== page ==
verb (used with object), mo·bi·lized, mo·bi·liz·ing.

to assemble or marshal (armed forces, military reserves, or civilian persons of military age) into readiness for active service.
to organize or adapt (industries, transportation facilities, etc.) for service to the government in time of war.
to marshal, bring together, prepare (power, force, wealth, etc.) for action, especially of a vigorous nature: to mobilize one's energy.
to increase or bring to a full stage of development: to mobilize one's anger.

verb (used without object), mo·bi·lized, mo·bi·liz·ing.

to be or become assembled, organized, etc., as for war: to mobilize for action.

Also especially British, mo·bi·lise.

Origin of mobilize

1830–40; back formation from mobilization. See mobile, -ization
Related formsmo·bi·liz·a·ble, adjectivemo·bi·li·za·tion, nounmo·bi·liz·er, nouncoun·ter·mo·bi·li·za·tion, nouno·ver·mo·bi·lize, verb, o·ver·mo·bi·lized, o·ver·mo·bi·liz··mo·bi·li·za·tion, nounre·mo·bi·lize, verb, re·mo·bi·lized, re·mo·bi·liz·ing.un·mo·bi·lized, adjective Unabridged Based on the Random House Unabridged Dictionary, © Random House, Inc. 2019

Examples from the Web for mobilized

Contemporary Examples of mobilized

Historical Examples of mobilized

  • I would like to return to Paris, but the railway is mobilized.

    Ballads of a Bohemian

    Robert W. Service

  • Troops were mobilized hurriedly, preparations rushed for warfare.

    Slaves of Mercury

    Nat Schachner

  • A battle fleet was mobilized and rushed to the spot, but the city was impregnable.

    Islands of Space

    John W Campbell

  • And the Militia can't be mobilized in anything less than a day.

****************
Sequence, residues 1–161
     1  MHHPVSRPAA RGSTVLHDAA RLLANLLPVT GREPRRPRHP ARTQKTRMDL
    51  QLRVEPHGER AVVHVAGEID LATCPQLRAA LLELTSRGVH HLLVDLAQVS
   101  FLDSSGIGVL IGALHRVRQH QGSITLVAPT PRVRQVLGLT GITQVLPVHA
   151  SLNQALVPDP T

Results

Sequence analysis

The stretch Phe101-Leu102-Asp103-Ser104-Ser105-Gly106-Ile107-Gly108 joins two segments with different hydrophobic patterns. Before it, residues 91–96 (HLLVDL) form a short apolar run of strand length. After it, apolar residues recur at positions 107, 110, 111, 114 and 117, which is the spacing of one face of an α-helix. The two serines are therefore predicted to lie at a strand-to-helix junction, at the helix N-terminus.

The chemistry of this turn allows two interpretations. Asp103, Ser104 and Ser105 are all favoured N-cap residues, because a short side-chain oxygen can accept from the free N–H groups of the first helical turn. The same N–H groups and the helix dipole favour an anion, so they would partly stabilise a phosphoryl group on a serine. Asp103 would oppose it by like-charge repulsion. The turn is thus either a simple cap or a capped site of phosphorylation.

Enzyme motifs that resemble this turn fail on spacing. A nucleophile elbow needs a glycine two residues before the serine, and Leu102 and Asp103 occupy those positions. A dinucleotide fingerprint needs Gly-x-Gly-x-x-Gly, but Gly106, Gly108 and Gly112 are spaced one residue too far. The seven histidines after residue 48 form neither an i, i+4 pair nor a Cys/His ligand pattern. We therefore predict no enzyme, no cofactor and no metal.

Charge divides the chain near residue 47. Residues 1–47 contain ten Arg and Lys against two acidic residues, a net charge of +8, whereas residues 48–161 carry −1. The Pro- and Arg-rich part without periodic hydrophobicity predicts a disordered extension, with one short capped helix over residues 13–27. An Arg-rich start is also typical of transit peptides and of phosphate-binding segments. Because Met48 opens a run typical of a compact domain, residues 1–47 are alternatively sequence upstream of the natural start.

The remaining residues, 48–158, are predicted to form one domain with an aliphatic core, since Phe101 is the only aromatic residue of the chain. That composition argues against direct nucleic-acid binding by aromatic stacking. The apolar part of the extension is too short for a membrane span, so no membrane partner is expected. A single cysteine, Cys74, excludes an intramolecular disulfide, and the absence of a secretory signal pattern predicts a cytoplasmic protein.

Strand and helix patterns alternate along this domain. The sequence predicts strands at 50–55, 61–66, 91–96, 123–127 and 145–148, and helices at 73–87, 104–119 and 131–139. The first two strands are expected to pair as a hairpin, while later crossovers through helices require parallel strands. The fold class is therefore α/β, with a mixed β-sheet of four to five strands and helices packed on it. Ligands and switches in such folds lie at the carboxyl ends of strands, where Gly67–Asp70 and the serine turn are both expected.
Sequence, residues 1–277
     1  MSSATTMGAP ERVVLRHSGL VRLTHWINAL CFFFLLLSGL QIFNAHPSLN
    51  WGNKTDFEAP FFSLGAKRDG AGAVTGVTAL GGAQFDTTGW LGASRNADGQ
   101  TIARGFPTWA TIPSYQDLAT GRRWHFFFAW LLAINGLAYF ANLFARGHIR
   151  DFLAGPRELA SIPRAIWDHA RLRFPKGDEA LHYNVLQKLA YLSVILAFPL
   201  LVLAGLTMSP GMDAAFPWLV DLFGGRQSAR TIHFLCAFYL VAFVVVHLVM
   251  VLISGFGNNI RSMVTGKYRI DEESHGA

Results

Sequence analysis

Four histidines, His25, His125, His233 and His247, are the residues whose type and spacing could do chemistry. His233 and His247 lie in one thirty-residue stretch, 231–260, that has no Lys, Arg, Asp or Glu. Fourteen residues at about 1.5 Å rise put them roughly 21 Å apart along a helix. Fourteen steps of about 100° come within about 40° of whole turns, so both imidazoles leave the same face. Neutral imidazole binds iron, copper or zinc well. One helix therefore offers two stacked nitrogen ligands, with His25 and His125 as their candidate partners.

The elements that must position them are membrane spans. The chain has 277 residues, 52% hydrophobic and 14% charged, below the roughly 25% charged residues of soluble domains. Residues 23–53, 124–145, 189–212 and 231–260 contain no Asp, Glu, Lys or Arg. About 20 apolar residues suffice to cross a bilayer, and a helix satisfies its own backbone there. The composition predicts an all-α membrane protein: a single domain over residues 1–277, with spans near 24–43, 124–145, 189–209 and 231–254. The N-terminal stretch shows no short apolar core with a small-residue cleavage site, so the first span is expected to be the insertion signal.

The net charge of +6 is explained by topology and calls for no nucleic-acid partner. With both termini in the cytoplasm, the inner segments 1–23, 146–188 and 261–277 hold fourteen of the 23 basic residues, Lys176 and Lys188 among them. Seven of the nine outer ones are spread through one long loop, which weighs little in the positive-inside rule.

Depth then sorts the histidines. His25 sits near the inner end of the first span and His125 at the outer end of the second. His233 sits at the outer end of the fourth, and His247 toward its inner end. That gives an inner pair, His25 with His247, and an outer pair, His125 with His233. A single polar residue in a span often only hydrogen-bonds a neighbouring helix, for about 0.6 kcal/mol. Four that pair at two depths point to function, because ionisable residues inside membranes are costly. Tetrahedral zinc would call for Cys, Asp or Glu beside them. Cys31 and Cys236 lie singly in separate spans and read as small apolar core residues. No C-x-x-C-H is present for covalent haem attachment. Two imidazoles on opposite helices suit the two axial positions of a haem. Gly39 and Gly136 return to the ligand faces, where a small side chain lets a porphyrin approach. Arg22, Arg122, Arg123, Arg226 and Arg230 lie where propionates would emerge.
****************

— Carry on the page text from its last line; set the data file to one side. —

Ministry of Disturbance

    Henry Beam Piper

  • Mobilized as nurses because you are friend of a friend of a deputy!

    The Backwash of War

    Ellen N. La Motte

British Dictionary definitions for mobilized




to prepare for war or other emergency by organizing (national resources, the armed services, etc)
(tr) to organize for a purpose; marshal
(tr) to put into motion, circulation, or use
Derived Formsmobilizable or mobilisable, adjectivemobilization or mobilisation, noun
Collins English Dictionary - Complete & Unabridged 2012 Digital Edition © William Collins Sons & Co. Ltd. 1979, 1986 © HarperCollins Publishers 1998, 2000, 2003, 2005, 2006, 2007, 2009, 2012

Word Origin and History for mobilized



1833 in the military sense; 1838 as "render capable of movement, bring into circulation," from French mobiliser, from mobile "movable" (see mobile). Related: Mobilized; mobilizing.

Online Etymology Dictionary, © 2010 Douglas Harper

mobilized in Medicine




To make mobile or capable of movement.
To restore the power of motion to a joint.
To release into the body, as glycogen from the liver.
Related formsmo′bi•li•zation (-lĭ-zāshən) n.
The American Heritage® Stedman's Medical Dictionary Copyright © 2002, 2001, 1995 by Houghton Mifflin Company. Published by Houghton Mifflin Company.